Sunday, April 25, 2010

Book Review - Frankenstein

Okay, so I know this isn't a "current" book, YA, and it has nothing to do with writing. But I am a firm believer that a writer should take into account everything read, and so I'm leaving my thoughts.

(Plus, I just finished reading it for school, so I'm letting out my thoughts on it here.)

So, Frankenstein by Mary Shelley. Also knows as "the modern Prometheus." In France in the seventeen-hundreds, Victor Frankenstein, obsessed with his studies, discovers the secret to bringing life to inanimate life-forms, and thus the "creature" is born! (This is where I will state that referring to the creature as Frankenstein only promotes your own ignorance. Hollywood exploited this incorrect name. In fact, the creature has no name! the book anyway.)

So Frankenstein creates a monster, and all hell breaks loose, in his world that is. I'm not going to spoil it for anyone who may have had a desire to read it, so that's as far as I go.

Now, overall, I can't say I enjoyed this book too much. It's written in a language that, as an eighteen-year-old, I can't understand as well. It's easy to get lost in the text and gloss over the story that is being told. That being said, if you can manage to pay attention, there are some intense scenes that warrant Mary Shelley's legitimacy as being one of the greatest authors of all time.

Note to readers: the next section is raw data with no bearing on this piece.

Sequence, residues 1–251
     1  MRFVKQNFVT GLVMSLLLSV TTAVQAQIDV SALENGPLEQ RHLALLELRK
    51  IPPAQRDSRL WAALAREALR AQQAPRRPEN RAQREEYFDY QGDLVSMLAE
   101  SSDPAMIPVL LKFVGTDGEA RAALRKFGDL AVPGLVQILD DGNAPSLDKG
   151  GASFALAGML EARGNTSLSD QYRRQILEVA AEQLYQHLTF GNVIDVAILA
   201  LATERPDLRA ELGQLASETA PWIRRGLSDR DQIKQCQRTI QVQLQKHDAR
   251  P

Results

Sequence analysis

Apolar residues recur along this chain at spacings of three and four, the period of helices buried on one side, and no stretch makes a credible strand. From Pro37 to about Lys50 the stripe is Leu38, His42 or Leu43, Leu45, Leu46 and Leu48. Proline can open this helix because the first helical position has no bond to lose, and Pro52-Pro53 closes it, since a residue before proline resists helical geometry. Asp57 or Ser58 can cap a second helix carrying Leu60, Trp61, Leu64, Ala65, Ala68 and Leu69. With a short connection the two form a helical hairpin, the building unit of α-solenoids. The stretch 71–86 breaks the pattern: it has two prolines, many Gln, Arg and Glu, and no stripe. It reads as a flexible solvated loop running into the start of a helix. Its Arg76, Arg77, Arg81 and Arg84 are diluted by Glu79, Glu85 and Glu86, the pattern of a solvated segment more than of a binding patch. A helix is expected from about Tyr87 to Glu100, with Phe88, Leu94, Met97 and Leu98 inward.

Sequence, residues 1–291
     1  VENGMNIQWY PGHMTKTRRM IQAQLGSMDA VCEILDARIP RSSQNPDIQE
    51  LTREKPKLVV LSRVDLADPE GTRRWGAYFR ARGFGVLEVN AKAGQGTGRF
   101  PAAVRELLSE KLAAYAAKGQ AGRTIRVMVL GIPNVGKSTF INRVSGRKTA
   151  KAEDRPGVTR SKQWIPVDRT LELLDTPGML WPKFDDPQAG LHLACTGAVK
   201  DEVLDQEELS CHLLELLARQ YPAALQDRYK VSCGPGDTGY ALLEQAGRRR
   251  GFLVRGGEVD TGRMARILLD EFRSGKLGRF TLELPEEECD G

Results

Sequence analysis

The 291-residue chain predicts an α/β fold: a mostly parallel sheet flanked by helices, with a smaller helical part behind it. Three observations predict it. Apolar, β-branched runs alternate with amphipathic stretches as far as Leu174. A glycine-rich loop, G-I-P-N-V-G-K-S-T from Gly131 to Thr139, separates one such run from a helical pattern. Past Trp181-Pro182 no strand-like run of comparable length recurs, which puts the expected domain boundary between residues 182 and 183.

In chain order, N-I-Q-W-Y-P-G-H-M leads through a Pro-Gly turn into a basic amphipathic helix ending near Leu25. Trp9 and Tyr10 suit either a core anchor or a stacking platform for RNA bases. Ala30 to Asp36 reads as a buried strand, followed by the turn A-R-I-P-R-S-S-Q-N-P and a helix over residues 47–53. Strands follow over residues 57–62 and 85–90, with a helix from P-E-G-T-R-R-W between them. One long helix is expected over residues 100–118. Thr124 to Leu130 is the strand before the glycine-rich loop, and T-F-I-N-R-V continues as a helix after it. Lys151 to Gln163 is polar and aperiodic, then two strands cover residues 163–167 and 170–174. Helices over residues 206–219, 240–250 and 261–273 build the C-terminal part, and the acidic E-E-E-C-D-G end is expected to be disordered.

One thing that I thoroughly enjoyed is a great literary element called the "frame story." In Frankenstein, you can count at least four different stories. It starts with Walton, writing letters to his sister. He comes across Frankenstein, who tells him his story, which is written by Walton in the letters. In the middle of Frankenstein's story, his creature tells him his own story of his life after being created. In the middle of that story, he tells the story of a group of cottagers. When that story is over, the creature continues. When the creature is finished, Frankenstein continues. And when Frankenstein ends his story, Walton continues in a few final letters to his sister.

It is a lot to keep track of, but it is definitely something that you don't see everywhere. It forces the mind to think. I wouldn't mind coming across this kind of story somewhere else.

Now I'm going to throw out another literary term for you all -- epistolary. An epistolary is a story that is told from a letter, journal, etc. How many people have written stories/novels like this, not knowing that there was a proper literary term for this?

All in all, Frankenstein isn't a horrible read, but you have to have yourself invested if you want to get through it. And if you think it's going to be like the movies -- the classic monster with the bolts in his neck and the lightning, and all those other cliches -- stop it now. It's nothing like that, and for that, it's probably better.

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